It is, indeed, a glorious and animated strain of gratitude, in which the whole of the congregation now join with one voice-a strain in beautiful harmony with the holy and heavenly feelings which the service has throughout cherished. Has it been your high employ with angels and archangels to laud and magnify the name of your God? Lo! the angel-song is itself now yours. That heavenly host hailed the Saviour, when He came a light unto the world; they hailed his advent, as bringing "glory to God in the highest, peace on earth, good will towards men."-Yours, as you welcome his advent specially into your own heart, on this his own holy day, at his own holy table, and by his own holy and more immediate presence you also hail Him as the Being through whom you, even you in your lowly penitence, can bring glory to God in the highest, for you are a monument of the power of his grace; your course is "on earth peace, for your
1 Matt. xxvi. 30.
God is your friend; and towards men you feel only "good will," for his sake, who is their God and your God, their Father and your Father. You know not how, with sufficient strength of language, to express your ardent love towards such a God! Fain would you praise Him, and bless Him, worship Him, glorify Him, and give Him thanks for his great glory, displayed in the wondrous redemption you have now commemorated! What a sharp incentive to a prompt obedience to his laws, that He is your "heavenly King!" What a soothing thought that He will hear the very wishes of your heart, for He is now your reconciled "Father Almighty." If He be for thee, who can be against thee?"
And what if "the only begotten Son, Jesus Christ," was manifest in the flesh, as man! what if He did give his body to death on the cross, and there pour out his most precious blood, to take away the sins of the world! He is not less "the Lord God." That he does by that sacrifice of Himself which we have commemorated, take away the sins of the world, is but our prevailing plea that He will have mercy upon us. And because He is God and man; his divine nature never lowered, his divine power never weakened, though in his human nature He was despised and rejected; we by every earnest expression of which language is capable, implore mercy at his hands-reiterating our petition in token of our entire and sole trust in Him'. To neither
It is well worthy of remark, in meditating upon the history of our blessed Lord, with what marked force and more than usual earnestness He impresses upon the minds of his followers the marvellous truth, that in the darkest hour of his trial, his glory was never clouded; in the lowest depth of his suffering as man, his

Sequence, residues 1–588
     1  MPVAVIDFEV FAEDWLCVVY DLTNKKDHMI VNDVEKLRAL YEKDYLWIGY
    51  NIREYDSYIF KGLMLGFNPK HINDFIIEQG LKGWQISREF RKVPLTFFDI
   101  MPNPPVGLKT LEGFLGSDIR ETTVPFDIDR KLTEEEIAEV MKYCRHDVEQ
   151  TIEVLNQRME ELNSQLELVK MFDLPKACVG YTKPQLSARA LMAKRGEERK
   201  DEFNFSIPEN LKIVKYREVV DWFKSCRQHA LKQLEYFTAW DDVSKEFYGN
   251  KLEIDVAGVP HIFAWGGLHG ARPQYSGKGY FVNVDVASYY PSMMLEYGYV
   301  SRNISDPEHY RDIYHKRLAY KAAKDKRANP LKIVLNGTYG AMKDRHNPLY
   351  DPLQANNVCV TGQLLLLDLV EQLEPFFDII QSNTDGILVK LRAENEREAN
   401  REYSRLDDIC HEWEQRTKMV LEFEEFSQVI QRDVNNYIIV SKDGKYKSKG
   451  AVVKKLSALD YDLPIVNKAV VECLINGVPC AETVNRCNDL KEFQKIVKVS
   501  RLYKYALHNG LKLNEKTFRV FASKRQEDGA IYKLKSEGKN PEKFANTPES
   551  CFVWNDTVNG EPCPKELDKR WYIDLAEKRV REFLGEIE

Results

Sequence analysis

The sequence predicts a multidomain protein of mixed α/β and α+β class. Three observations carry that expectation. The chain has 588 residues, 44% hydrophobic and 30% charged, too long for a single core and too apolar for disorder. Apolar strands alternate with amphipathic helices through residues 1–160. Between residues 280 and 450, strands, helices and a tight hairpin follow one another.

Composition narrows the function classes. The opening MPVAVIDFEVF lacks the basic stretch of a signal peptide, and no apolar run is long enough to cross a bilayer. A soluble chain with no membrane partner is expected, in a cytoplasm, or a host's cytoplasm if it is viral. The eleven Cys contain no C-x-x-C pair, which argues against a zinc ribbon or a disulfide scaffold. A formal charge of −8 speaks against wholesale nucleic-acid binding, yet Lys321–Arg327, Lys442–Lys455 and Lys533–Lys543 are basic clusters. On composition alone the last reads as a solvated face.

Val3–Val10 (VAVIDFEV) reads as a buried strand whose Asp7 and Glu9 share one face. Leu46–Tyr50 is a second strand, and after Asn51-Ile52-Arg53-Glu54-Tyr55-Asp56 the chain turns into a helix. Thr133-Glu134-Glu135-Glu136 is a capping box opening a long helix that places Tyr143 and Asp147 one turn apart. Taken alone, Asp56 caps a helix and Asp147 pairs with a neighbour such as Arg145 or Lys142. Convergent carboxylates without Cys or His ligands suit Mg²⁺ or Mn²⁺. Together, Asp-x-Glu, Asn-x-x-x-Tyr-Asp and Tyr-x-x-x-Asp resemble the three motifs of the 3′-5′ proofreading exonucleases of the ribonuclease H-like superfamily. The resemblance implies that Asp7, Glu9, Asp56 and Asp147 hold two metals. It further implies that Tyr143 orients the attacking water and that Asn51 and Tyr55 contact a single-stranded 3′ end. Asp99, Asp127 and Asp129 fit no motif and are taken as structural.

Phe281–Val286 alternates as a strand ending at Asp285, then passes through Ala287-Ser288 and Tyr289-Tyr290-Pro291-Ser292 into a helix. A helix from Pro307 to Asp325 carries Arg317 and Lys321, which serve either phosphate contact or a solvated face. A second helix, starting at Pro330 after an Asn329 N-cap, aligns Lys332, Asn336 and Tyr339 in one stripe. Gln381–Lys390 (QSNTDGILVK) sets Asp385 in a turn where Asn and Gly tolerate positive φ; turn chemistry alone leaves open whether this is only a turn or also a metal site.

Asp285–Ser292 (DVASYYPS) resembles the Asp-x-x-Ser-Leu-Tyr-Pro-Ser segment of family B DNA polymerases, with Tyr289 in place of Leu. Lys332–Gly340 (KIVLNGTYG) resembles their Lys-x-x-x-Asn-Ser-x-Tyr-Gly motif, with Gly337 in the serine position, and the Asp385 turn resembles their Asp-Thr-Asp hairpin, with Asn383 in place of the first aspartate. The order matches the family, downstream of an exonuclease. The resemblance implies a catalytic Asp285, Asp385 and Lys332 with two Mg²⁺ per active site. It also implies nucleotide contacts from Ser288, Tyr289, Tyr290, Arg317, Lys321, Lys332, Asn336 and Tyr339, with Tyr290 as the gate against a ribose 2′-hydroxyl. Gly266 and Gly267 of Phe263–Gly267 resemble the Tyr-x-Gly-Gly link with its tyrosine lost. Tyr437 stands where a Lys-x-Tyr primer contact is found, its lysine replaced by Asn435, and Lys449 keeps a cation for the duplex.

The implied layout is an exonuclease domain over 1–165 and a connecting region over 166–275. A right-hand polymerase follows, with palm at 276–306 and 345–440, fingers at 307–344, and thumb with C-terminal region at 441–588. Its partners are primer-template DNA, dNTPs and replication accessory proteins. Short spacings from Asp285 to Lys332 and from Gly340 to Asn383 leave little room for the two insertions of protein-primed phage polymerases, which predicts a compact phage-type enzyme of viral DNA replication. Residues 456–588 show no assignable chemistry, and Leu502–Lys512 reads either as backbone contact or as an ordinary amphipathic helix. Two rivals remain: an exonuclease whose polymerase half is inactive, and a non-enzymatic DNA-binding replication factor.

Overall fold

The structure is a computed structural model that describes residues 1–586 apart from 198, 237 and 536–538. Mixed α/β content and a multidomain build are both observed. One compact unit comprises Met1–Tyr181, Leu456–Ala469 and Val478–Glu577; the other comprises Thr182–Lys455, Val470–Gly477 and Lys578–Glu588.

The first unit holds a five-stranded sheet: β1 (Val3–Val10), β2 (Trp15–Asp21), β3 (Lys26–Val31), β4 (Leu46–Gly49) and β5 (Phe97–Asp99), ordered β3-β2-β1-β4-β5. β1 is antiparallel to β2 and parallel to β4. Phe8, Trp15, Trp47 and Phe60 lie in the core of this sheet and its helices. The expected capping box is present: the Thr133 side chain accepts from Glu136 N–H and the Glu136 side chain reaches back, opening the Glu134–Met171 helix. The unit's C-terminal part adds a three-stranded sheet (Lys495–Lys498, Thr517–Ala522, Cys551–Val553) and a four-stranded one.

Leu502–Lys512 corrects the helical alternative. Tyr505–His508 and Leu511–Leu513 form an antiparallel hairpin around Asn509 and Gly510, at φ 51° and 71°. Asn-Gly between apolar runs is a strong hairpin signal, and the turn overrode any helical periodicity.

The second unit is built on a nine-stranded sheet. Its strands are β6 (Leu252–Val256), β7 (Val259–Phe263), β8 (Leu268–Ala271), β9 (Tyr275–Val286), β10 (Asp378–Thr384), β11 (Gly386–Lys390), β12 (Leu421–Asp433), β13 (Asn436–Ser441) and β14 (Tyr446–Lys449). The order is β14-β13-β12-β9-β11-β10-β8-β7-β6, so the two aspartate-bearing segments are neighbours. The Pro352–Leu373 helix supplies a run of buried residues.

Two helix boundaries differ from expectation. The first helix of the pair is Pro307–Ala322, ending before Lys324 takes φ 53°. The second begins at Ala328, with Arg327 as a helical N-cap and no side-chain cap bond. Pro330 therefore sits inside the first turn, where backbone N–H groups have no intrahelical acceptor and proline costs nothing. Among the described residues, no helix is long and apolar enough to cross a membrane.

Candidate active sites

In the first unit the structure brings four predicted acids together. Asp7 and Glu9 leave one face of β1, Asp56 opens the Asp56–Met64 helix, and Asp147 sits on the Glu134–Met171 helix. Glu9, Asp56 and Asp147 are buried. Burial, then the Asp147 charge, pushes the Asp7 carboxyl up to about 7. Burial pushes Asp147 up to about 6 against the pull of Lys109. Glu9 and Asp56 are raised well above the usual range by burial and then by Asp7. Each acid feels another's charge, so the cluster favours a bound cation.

angel nor spirit we look as our mediator, but to Him only. To Him alone we offer our prayer, for He is still very God of very God; and through Him we the more hopefully look to receive mercy, as He ever liveth to make intercession for us, sitting on the right hand of God the Father! To Him, there sitting in "the glory which He had before the world was," we pour forth our importunate supplication, that He "have mercy upon us1."
And where is there one holy to be compared unto Him? Other lords the worldly recognise, but there is none like unto Him, who is above all lords. Thus, in the perfection of his holiness and the majesty of his power, He is emphatically "the Lord our righte
power was never weakened as God. True it is, that the wicked were agents to bring about his death; but he asserts distinctly that they were but ministering to fulfil his own purpose. "No man taketh my life from me, but I lay it down of myself; have power to lay it down, and I have power to take it again." So, also, in the beautiful prayer which He offers up to the Father on behalf both of his apostles, upon whom, in the arduous work of their ministry, he prays for aid proportionate to the work, and of all believers also, upon whom likewise He implores blessing - he insists upon the same truth; declaring that his Father "hath given Him power over all flesh," that He should himself "give eternal life to as many as God had given Him+." And after his resurrection He again proclaims the like glorious truths "All power is given unto me in heaven and in earth." This is not only a wondrous saying, whereon we are to meditate, but a glorious saying wherein we may rejoice. This Being, so lowly and loving towards us that He died for us, is so high above all things in heaven and earth, that He is able, as He is willing, to save to the uttermost all who trust in Him.
1 John xvii. 5. See page 140.
John x. 18.
John xvii. 2.
Matt. xxviii. 18.